You can feel it in the air...the new school year is coming! With the start of school, families face new organization challenges. Early morning starts, streams of homework and handouts take over the kitchen table, shorter days yet the calendar filled to the brim with sports, activites and events. So how can you prepare your family and home for the busy days ahead? Here are some tips from the experts on how to keep it all together:
Ease the family into a school year schedule
The first day of school is no time for a drastic adjustment of household sleep schedules. Instead, ease children back into a school year routine gradually. During the last two weeks of summer, re-introduce a school year bedtime. Begin waking late sleepers earlier and earlier, closer to the hour they'll need to rise when school begins. Younger children, in particular, need to adapt to new meal routines before the school day demands it of them. Plan meals and snacks to accustom little ones to rituals of the school day before the school year begins.
Create Calendar Central
Each school year floats on a sea of schedules from school functions to lunch menus to music lessons. Nothing calms school year chaos like Calendar Central: a centralized site for all family calendars and schedules. You'll need a family event calendar to track after-school activities, school programs and volunteer work. Add specialized calendars and schedules, and you have it: a one-stop shop for family time management.
Form is less important than function. From a paper calendar with large squares lets you enter information easily to pre-printed white board calendars are easy to revise when necessary, choose a calendar format that works for your family. Color-coding entries by family member helps keep busy lives straight.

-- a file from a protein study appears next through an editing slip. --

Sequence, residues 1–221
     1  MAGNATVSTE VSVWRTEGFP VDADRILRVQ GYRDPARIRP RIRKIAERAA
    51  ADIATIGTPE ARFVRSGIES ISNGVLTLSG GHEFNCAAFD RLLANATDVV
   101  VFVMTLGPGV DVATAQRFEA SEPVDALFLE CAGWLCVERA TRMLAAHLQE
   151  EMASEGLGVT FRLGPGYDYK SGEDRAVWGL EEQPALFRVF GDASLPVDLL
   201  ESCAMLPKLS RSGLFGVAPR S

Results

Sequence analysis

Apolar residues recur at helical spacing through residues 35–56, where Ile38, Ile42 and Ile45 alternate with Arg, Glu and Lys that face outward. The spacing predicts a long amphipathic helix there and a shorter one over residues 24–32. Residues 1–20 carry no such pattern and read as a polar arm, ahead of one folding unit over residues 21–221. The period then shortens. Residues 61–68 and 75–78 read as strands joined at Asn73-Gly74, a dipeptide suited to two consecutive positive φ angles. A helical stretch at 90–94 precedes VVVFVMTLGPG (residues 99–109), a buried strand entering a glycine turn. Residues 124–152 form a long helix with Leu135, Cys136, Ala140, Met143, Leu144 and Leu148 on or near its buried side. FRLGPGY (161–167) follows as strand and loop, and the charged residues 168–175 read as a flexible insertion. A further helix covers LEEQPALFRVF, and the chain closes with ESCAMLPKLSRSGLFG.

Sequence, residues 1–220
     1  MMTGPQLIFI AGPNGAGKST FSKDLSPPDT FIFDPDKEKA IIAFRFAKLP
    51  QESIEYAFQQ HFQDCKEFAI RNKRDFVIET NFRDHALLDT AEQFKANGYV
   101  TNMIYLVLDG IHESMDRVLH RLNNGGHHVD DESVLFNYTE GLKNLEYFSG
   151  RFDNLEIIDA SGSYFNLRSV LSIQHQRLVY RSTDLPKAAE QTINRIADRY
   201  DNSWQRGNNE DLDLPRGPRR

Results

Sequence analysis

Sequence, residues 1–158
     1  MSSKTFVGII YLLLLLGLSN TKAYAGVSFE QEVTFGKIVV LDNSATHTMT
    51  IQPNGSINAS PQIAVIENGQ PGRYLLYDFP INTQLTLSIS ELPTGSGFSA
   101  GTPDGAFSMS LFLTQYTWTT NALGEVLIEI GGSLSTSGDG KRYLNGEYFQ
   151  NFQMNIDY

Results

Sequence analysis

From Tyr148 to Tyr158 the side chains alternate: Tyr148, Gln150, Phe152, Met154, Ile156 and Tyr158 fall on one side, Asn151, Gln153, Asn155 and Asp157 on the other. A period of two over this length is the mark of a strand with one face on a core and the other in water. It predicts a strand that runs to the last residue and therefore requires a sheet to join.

Post the family event calendar in a central place either using magnets to attach the calendar to the refrigerator, or tack it to a bulletin board.
Plan before you shop
An informed shopper is a savvy shopper, so prepare before you shop. Take an afternoon and assess each child's clothing needs. Empty drawers and closets of outgrown or worn-out clothing, and either store or donate the discards.
Develop a wardrobe needs list for each child. Check for possible hand-me-downs from older siblings as you make your list. If you discuss the needs list and the family budget with your children before you shop, you'll avoid in-the-store tantrums.
Similarly, ask the school for classroom supply lists before shopping for school supplies.
Take aim on morning madness
How are school mornings in your home? Crazed and chaotic, or calm and cheerful? Plan ahead to send your school children out the door in a happy frame of mind.
Each evening, think ahead to the following morning; where can you lighten the load? Set the breakfast table as you clear the dinner dishes, and make sure breakfast foods are easy to reach. Lay out children's clothing the night before. Scan backpacks for missing homework, projects or library books. Make sure musical instruments or sports bags are packed and ready to go.
Do "bathroom wars" break out daily? Multi-child households may need a bathroom schedule so that everyone gets equal time before the mirror.
What do you do about books and papers, lunch money and permission slips? Create a dedicated space for every family member.
Make a practice run
How will children get to school? The first day of school is no time to find out it takes ten minutes, not five, to walk to the nearest bus stop!
Before school begins, make a practice run to get children to the school on time. If they'll walk, help them learn the route they'll take and note the needed time. Car-pooling? Make sure the dry run accounts for early-morning traffic! Bus riders will need to be familiar with the location of the bus stop; print and post the bus schedule to prevent a missed bus.